Water supply regulation in Nigeria: problems, challenges, solutions and benefits

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Abstract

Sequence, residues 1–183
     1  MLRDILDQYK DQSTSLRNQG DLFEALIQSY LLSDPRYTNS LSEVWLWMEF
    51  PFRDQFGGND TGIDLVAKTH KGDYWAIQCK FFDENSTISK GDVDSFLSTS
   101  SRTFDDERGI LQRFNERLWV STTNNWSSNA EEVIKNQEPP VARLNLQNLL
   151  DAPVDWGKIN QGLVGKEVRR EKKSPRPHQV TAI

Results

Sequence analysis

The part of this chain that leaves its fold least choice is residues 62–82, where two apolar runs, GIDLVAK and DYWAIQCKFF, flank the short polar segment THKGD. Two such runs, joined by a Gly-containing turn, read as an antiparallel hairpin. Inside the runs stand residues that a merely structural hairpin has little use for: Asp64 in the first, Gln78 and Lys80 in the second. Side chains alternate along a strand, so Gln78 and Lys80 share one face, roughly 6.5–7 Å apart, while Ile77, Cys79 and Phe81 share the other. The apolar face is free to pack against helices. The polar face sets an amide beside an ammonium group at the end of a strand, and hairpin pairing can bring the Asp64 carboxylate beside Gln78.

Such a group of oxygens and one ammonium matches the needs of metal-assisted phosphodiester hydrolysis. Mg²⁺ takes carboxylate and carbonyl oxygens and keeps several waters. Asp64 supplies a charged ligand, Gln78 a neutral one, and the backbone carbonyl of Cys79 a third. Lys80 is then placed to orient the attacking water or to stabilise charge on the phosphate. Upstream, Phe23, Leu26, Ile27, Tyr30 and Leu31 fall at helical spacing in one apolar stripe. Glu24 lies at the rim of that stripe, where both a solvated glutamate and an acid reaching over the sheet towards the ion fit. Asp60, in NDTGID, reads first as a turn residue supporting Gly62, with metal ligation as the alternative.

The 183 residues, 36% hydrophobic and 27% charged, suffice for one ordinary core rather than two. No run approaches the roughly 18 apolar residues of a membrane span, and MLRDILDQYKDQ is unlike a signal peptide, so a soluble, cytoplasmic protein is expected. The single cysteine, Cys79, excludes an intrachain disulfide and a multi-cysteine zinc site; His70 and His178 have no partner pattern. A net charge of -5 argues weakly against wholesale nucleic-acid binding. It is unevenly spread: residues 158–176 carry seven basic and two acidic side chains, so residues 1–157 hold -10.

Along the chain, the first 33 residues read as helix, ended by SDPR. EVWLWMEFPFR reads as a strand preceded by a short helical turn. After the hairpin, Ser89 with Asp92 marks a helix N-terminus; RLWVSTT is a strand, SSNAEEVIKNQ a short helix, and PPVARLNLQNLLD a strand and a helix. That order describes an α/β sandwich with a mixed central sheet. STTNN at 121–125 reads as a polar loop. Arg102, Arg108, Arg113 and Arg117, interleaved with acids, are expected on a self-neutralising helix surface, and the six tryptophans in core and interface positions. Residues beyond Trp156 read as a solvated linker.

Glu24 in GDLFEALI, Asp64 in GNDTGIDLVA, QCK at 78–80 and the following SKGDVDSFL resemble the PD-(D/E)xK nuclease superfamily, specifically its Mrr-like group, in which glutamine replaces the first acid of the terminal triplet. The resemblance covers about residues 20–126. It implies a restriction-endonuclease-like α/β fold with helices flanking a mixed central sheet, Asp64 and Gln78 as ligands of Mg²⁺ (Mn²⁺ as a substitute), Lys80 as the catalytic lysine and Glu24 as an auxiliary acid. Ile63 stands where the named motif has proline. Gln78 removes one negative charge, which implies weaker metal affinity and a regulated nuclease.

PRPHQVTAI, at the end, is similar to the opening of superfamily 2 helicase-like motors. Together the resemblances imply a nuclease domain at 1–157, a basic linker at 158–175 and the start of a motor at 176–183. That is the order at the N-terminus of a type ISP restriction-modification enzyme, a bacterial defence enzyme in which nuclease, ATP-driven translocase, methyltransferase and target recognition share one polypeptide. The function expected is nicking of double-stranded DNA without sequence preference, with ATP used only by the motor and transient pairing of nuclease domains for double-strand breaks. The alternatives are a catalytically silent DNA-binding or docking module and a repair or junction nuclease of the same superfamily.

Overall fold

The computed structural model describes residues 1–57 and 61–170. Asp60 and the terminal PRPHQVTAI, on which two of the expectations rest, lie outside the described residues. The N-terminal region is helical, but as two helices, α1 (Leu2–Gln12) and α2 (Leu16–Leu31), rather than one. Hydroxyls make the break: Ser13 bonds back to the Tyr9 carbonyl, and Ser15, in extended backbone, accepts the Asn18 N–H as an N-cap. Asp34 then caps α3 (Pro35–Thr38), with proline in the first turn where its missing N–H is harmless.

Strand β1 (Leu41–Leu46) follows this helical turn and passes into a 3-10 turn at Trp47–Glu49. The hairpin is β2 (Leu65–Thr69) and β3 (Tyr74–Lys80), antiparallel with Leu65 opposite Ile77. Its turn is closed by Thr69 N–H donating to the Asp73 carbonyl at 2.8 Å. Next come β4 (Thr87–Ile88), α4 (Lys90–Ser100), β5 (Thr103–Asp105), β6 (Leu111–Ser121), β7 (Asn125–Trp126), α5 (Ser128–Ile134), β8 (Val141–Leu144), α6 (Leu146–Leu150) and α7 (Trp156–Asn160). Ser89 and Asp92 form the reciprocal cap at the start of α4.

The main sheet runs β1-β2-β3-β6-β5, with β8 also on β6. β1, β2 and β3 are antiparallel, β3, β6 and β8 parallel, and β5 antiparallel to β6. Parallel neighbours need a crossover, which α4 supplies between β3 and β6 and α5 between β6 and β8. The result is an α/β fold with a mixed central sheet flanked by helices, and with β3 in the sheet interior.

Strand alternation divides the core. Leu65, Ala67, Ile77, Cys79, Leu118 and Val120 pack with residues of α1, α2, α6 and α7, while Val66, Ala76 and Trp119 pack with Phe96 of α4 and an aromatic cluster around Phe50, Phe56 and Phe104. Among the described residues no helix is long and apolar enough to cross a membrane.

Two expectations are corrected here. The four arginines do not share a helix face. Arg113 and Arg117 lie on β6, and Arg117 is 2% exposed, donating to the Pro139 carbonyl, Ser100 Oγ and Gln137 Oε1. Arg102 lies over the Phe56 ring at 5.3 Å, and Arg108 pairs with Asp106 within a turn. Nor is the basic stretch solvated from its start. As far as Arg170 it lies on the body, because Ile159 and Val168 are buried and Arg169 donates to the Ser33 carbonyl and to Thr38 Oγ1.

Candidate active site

Even though Nigeria is recognized for her rich vegetation and tropical weather and blessed with surplus water resources, the country still faces challenges on getting clean water supply around the country and mostly depend on alternative water supply like well, borehole and river. These alternative water supply systems are not efficient and viable enough for water supply systems especially in a country with large population. The country is characterized by irregular water supply and water management laws are also weak and mostly not in conformity with today's standard and needs. Proper management and conservation of the water supply services and resource has not given adequate attention by the government. It is, therefore, important to identify such factor that inhibits the implementation of water regulations and proffer a solution to these. In a bid to provide an understanding of the effect of implementing and enforcing stringent water regulation and providing adequate water supply, we compare forecasted population with investment capital expenditure (CAPEX) for water supply by Millennium Development Goal (MDG+) targets. The result shows that in year to come, the country will significantly benefit from investing and providing regular water supply through employment availability and revenue generated through utility water bills, spending less on epidemic of water-borne diseases thereby improving the lives and health of its citizen.